Lynnae Oxley, of Sugar’s BBQ & Catering in Portland, Oregon, bought her first Weber at a garage sale for $5. “I learned everything on that thing—grilling, barbecue. . . . I like that the story of a grill gets soaked into it,” she says. As she became more interested in barbecue, she upgraded her equipment, selling that same Weber for $5 at a garage sale to another woman. Though a chef for twenty-four years, Lynnae has been competing on the barbecue circuit for just one and a half years. She admits that being a chef doesn’t necessarily translate to being ready for competition barbecue: “What makes barbecue an interesting endeavor is it comes out a little different each time, and you won’t know what that is until ten hours later. There is no right or wrong way to barbecue—it’s about how you feel about it . . . and obsess about it.”
PELLET GRILL—Pellet fuel is just compressed-wood sawdust. The Traeger-brand pellet grills have a great reputation because of Traeger’s understanding of barbecue. An electric rod lights pellets in a separate “hopper.” An auger feeds the pellets to the fire so all you have to do is flip the switch to ON and indicate high, medium, or low, designated as “smoke,” and make sure you have enough pellets for the length of your cooking. Some say the pellets give a different flavor than wood or charcoal. Units start at a little under $500 and quickly go up from there.
STOVETOP SMOKER—The Barbecue Queens* tip their crowns to the indoor smoker for those wet or freezing days when even the most hardcore barbecue fanatic just needs a night inside. The little smokers sit right on the stovetop burner, using either wood chips or wood sawdust to create smoke. A rack separates the food from the wood, and the cover keeps the smoke inside. While they’re fine for getting a “smooch” of smoke on foods, you won’t be cooking a brisket on one of these. To me, a huge part of the enjoyment of barbecue and grilling is that it is outdoors, so I smoke it up postal-style: through wind, rain, sleet, and snow. *See Resources for info on these big-time barbecue gals’ many cookbooks.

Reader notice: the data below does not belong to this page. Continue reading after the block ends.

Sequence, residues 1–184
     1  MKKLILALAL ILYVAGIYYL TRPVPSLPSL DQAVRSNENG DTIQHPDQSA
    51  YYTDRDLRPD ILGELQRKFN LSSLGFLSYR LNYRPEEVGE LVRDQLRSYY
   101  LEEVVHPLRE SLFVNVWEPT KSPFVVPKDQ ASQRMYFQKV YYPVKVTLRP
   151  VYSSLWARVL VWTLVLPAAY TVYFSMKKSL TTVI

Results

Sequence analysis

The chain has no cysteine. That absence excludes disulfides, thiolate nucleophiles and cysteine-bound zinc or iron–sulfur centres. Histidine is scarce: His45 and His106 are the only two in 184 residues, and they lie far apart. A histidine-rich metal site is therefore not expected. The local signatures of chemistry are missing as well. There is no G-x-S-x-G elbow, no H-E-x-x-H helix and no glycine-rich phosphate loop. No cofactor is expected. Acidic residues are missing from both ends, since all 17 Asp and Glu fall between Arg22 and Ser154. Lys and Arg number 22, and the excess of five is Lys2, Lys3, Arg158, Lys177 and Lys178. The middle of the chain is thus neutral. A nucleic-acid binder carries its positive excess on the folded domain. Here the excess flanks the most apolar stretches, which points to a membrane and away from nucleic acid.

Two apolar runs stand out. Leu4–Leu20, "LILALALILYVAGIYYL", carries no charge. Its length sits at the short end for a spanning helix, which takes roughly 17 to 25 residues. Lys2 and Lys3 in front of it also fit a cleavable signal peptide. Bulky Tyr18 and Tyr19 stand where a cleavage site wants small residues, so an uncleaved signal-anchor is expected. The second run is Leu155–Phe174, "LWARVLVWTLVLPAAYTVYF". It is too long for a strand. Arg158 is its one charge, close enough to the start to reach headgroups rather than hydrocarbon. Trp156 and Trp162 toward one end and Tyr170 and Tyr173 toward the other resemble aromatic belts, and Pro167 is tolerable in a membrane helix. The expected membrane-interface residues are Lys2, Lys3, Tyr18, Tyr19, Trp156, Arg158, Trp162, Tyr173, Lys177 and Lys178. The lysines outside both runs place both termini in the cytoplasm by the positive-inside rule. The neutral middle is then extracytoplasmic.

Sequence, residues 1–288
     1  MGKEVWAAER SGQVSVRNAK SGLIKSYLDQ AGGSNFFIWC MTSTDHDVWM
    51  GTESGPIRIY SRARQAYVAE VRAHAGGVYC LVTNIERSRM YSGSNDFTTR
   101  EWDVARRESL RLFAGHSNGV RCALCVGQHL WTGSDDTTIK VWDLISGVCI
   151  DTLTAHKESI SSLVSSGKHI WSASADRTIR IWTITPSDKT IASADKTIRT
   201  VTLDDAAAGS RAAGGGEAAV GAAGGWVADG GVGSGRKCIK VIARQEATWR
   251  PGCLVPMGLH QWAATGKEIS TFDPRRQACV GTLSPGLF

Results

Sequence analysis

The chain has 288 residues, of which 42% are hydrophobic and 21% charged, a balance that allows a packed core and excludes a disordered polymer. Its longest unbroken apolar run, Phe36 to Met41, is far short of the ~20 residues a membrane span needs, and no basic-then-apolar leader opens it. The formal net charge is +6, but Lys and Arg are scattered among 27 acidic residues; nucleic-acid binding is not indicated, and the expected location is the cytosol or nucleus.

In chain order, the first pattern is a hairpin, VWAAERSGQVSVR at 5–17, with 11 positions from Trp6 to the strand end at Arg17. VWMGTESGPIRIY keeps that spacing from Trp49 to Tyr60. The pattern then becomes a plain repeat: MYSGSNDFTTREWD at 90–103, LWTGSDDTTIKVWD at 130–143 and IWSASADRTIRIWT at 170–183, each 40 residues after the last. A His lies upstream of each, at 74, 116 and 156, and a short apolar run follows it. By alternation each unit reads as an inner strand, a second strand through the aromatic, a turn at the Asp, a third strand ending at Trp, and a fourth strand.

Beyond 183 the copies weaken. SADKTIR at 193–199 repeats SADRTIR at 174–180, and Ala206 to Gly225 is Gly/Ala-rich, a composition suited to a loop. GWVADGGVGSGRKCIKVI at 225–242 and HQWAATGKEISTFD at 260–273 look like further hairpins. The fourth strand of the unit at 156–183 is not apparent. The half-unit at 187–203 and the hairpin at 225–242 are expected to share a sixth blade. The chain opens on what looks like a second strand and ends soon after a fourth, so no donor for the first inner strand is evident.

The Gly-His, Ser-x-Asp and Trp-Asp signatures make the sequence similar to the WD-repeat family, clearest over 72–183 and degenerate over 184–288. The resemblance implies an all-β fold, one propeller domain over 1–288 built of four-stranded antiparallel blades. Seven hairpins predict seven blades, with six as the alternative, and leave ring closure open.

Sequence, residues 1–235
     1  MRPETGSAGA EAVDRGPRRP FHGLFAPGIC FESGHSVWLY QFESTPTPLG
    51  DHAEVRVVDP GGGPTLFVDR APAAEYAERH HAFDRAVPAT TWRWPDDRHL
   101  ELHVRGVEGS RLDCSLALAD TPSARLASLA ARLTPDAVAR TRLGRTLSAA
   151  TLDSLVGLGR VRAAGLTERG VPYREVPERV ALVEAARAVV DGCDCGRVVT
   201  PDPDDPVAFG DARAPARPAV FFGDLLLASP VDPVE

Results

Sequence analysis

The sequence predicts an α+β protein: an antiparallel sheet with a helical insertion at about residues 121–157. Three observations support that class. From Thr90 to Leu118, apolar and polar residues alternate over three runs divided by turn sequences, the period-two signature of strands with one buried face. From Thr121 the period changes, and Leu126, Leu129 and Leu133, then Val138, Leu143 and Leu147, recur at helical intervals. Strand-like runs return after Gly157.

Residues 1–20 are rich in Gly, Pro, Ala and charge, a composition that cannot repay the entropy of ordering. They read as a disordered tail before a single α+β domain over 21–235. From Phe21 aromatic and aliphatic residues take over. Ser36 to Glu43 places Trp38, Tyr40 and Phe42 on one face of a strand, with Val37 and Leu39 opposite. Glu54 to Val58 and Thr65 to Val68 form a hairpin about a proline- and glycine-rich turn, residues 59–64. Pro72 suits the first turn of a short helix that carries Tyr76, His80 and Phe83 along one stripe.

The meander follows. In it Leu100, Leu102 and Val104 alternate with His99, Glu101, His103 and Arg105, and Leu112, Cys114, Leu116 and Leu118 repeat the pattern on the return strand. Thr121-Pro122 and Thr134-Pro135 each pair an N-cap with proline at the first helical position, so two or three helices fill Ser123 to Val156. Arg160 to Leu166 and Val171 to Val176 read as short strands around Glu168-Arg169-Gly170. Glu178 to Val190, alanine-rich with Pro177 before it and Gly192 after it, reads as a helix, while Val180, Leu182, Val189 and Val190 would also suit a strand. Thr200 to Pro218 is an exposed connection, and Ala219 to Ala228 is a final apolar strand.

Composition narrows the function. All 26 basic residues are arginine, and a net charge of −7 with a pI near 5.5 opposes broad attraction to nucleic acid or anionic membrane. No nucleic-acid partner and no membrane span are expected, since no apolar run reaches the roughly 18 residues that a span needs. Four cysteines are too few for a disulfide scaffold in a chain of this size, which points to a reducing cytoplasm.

HIBACHI—You won’t make barbecue on these little overlooked wonders, but when we get to the Grilling chapter, the hibachi is our friend. With their adjustable racks, they are versatile, space-saving, and fuel-efficient little hummers that are great as everyday grills or as second grills when your big-girl grill is overfull.
GAS GRILL—The choices are almost endless. Pick one that fits your space, needs, and budget. Do you like to rotisserie chicken? Then that bell or whistle might warrant the extra bucks. Choose a gas grill with a lid and one that has a minimum of two but preferably three burners for indirect-heat cooking. If the grill features many rack levels, make sure they are adjustable to accommodate large cuts of meat like a brisket or whole turkey. If a smoke box is an option, I’d get it. I find the usual method of creating smoke on a gas grill—putting wood chips wrapped in a foil pouch with holes, then placing them on the burner—an inadequate smoke producer.
Buying Equipment: A Cautionary Tale
When I started this chapter, I wanted to pump up my personal equipment arsenal for recipe testing. I had my trusty Weber, a gas grill with an offset smoker box, and a few other well-worn charcoal grills junking up the back yard, but owning a barbecue restaurant with commercial smokers at your fingertips means you neglect your home equipment.
I walked into my local fireplace and outdoor cooking store to basically decide between the Big Green Egg, which I’d been lusting after for years, and the Cookshack AmeriQue, a box-style electric smoker. Neither is cheap—they range from $900 to $1,550—so I was ready to spend some bucks.
“May I help you?” asked the salesman as he sidled up to me.
“Yeah, I like both these models and am just trying to decide which one to get.” I went on a bit about both, so he’d know I was serious. His next utterance confused me.
“These are for smoking with wood,” he said, pointing. “Here is where you put wood chips to create the smoke.”
“Um . . . yeah, I know both these models,” I said, cutting him off. Then I saw my favorite charcoal smoker, the Weber Smokey Mountain. Its sleek black bullet shape and great rep among barbecue competitors had it at the top of my list. I wanted to do some side-by-side comparisons with the WSM and a low-end Brinkmann smoker because the Brinkmann can be found just about anywhere.
He immediately saw his commission shrink with the $250 Weber Smokey Mountain, so he tried his best to sell me on the Cookshack electric model. “The great thing about this one is you can turn it on and go shopping!”